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» Hatrack River Writers Workshop » Forums » Fragments and Feedback for Short Works » 13 lines of old foolery

   
Author Topic: 13 lines of old foolery
Void
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I wrote this years ago. There's about 4-5 pages of this nonsense and I always meant, you know, to finish it. But here, let's see what you think of it. (And, yes, I know you are not supposed to start out with a quotation.)

Okay I made some changes. I'm still working on getting the rest of what I have typed into the computer. I haven't removed the adjectives and the adverbs yet, the jury (in my mind) is still out on that.

Princess Ilidia stood helpless, chained to the offering pillar, looking straight into the dragon’s huge eyes she asked,” What is it in particular about virgins that you require?”. The massive monster halted his fiery advance abruptly and stared at the maiden in surprise.
“Uh,huh? You spoke! How delightful!” the dragon boomed. “Most of them faint at the sight of me.”
“I’m sorry to interrupt you in, well, whatever it is you do at this point in the sacrifice, but I really have always wanted to know why virgins, as opposed to non-virgins, are required to be offered to you?”
“Well, I don’t know really. I suppose it’s merely tradition.”
“Oh,” she said disappointedly, “I thought it was something quite important, something vital to the acceptance of the offering.”
“Not that I know of,” he replied looking thoughtful and then apologetic, “I am sorry I couldn’t give you a better answer.”
“It’s not your fault. It’s just that this whole sacrifice business is so stupid, I would like to think that at least my being a virgin served a good purpose, but apparently not.” She sighed. “Very well, you may fry me and eat me now.”
“My dear girl, I wouldn’t think of it! You are much too interesting to talk to and besides, I’ve already had dinner.”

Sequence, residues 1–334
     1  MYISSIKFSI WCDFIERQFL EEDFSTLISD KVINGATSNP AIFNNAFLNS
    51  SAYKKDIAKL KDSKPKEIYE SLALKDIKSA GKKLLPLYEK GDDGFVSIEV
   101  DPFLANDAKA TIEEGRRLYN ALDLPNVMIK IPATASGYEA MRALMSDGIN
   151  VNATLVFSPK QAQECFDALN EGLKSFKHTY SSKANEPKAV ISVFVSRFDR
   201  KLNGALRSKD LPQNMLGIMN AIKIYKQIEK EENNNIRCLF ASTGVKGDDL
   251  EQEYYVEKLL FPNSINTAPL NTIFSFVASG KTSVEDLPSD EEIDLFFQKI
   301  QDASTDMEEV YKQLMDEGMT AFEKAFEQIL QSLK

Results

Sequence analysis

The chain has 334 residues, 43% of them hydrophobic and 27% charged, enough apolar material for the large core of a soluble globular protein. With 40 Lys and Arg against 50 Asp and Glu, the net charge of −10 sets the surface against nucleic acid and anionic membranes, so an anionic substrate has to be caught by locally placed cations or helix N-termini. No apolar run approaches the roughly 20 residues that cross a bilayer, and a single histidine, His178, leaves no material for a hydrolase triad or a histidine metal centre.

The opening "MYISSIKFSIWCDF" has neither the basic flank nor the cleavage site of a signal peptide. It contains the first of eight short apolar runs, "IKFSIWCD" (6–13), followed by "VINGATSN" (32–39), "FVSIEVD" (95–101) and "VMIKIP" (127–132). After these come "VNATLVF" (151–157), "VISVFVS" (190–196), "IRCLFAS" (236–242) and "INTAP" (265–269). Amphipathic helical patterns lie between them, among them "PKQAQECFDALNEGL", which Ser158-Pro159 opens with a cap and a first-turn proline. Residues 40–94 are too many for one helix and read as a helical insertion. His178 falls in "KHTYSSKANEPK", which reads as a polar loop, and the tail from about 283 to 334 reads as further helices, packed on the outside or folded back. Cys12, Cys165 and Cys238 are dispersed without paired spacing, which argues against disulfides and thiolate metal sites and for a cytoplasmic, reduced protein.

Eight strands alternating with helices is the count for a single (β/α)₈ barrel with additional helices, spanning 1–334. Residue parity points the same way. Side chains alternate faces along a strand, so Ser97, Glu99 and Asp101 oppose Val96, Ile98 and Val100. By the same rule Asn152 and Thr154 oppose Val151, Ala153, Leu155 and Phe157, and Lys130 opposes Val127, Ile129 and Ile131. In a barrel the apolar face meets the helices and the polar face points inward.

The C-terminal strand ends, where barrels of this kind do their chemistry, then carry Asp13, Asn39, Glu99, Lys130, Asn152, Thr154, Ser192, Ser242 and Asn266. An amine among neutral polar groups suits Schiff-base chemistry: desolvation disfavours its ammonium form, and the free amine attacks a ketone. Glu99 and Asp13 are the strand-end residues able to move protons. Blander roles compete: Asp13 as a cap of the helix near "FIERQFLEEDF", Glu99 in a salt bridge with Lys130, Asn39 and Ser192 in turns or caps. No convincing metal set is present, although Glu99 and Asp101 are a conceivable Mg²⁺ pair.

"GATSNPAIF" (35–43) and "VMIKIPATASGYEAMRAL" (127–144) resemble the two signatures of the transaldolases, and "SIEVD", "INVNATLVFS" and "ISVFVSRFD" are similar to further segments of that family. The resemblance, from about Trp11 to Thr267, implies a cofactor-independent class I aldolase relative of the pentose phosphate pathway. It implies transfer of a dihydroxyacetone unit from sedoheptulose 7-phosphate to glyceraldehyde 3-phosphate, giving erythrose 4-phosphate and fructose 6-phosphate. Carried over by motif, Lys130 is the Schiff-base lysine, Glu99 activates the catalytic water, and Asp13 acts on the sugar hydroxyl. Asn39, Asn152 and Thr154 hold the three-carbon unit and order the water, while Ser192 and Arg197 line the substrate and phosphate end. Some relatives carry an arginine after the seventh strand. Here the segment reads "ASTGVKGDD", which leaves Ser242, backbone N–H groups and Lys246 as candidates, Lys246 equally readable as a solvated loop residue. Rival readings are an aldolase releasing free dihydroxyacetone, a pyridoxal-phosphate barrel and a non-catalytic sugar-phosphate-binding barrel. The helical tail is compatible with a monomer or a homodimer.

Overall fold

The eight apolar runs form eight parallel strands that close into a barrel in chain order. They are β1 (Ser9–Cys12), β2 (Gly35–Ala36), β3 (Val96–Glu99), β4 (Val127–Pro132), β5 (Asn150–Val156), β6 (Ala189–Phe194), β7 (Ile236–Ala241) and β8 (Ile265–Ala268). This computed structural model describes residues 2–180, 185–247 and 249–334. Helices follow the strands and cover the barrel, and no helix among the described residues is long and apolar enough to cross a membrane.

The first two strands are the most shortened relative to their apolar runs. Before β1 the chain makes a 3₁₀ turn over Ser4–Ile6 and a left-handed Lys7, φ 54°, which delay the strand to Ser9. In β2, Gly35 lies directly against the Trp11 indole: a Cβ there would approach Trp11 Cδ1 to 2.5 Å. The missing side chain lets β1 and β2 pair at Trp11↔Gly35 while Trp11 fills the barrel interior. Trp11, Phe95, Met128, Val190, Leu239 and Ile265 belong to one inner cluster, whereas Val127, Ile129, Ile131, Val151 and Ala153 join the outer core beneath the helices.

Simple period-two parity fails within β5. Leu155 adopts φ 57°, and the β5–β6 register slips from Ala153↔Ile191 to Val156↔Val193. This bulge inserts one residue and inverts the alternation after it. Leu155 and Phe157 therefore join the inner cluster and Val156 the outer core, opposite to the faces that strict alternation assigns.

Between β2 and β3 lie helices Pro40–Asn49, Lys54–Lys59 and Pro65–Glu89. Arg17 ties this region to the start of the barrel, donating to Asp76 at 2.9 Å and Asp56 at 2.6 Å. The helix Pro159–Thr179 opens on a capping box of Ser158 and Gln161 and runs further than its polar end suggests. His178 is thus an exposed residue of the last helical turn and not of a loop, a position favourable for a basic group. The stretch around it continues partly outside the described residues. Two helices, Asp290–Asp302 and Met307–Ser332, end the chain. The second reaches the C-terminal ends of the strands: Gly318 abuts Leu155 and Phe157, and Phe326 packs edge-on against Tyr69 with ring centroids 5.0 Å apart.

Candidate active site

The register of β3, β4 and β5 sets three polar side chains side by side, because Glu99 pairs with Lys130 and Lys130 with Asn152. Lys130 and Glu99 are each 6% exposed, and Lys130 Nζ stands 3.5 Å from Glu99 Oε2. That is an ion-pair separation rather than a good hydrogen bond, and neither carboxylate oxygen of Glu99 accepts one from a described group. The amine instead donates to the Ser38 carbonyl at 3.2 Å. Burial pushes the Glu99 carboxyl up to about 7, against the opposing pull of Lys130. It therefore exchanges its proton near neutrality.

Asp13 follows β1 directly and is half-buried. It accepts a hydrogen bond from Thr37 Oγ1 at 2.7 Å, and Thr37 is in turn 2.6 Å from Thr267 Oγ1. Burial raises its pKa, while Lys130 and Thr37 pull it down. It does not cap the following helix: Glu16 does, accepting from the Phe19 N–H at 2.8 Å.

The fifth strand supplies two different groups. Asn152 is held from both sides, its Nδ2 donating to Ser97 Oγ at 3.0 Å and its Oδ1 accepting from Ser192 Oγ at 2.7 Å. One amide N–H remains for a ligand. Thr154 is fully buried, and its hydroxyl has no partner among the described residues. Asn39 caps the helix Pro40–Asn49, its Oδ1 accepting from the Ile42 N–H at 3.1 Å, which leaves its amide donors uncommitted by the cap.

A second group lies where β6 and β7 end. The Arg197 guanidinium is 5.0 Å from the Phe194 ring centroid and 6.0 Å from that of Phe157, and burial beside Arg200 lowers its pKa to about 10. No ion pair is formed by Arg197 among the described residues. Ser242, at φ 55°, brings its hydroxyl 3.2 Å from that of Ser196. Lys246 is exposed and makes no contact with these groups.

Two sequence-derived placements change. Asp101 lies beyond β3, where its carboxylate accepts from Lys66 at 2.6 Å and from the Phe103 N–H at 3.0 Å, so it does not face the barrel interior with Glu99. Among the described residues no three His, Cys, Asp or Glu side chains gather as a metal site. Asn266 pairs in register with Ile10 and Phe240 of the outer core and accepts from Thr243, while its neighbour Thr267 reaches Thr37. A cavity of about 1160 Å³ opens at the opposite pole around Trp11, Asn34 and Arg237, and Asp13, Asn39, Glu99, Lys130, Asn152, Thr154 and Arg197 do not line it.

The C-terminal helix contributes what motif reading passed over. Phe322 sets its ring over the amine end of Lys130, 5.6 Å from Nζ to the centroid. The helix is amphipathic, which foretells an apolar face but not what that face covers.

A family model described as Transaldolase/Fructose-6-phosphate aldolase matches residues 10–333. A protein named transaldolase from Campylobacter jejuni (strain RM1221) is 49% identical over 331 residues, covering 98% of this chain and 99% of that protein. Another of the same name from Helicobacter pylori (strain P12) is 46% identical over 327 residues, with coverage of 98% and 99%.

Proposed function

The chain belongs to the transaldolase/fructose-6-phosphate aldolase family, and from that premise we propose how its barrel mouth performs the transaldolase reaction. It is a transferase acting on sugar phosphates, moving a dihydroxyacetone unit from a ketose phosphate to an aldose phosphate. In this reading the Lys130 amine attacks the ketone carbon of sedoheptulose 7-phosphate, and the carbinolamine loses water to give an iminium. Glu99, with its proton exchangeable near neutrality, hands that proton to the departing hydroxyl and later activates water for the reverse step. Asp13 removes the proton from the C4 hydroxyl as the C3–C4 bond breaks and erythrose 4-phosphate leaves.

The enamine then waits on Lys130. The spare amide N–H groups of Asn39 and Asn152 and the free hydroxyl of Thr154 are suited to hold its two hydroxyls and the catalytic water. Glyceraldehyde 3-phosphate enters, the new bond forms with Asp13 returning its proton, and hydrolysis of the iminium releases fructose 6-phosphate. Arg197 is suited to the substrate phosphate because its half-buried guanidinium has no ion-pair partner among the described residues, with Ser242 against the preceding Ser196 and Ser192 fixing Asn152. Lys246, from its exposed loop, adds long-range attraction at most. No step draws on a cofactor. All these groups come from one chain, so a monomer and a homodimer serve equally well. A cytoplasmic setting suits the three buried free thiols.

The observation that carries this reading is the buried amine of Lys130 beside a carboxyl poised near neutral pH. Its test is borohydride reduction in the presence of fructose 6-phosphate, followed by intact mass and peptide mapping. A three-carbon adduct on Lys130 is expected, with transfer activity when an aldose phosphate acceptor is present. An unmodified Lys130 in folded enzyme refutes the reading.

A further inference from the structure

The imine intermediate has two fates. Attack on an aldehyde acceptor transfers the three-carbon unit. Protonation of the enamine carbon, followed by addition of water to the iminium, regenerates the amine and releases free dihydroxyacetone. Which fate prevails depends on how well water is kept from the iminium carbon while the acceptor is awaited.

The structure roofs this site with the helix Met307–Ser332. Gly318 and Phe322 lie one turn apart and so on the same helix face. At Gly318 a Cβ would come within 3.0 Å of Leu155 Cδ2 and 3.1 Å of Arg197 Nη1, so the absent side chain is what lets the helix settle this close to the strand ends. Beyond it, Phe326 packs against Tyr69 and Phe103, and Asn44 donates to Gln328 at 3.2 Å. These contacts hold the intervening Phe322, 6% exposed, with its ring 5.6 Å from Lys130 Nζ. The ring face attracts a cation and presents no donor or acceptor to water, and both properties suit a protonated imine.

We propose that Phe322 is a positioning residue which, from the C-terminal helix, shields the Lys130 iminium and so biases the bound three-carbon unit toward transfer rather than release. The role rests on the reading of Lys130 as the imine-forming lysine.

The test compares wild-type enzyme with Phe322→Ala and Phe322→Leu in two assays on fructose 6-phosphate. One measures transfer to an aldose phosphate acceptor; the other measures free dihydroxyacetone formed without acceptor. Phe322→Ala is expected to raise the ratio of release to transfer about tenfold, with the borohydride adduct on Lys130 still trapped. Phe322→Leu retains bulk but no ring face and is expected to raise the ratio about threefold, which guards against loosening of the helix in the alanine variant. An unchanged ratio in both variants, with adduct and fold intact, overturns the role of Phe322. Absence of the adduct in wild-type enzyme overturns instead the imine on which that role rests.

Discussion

“Oh, dear!”
“What’s wrong? I should think that would make you happy.”


[This message has been edited by Void (edited May 14, 2005).]

[This message has been edited by Void (edited May 14, 2005).]


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MaryRobinette
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This has a nice comic tone. I'd actually think about flipping the first line about so the dialogue comes at the end--not so much because of the usual "I don't feel grounded" hoopla, but because it puts the punchline in the right place. While I don't normally advocate using cinematic tricks in writing, this is a place where imagining it as a film might be helpful. If this were Monty Python, say, which would be funnier. A closeup on the virgin's face as she speaks. The camera pulls back and then you see a dragon. OR, you see a helpless virgin chained in front of a dragon, and the camera zooms in for her line. I think, personally, the dialogue is the funny part.
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scm288
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Very good, very good! The only problem I can see is, as the above post pointed out, that the first line should be swapped about a bit. Put up the setting (where is the virgin, Oh no, the dragon is approaching). Put it into a serious tone first, and then surprise the reader by launching into your satiric dialogue.
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Stephen Wolfe
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I have a strange feeling that I've seen this conversation in a movie before, or some sort of story. Like Monty Python of something like that.

But if it is completely original:
I like it, if you have more, I'd like to read it.

My only problem is that I hate reading dashes in a conversation, the same goes for the "..."'s (what are they called again?).


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djvdakota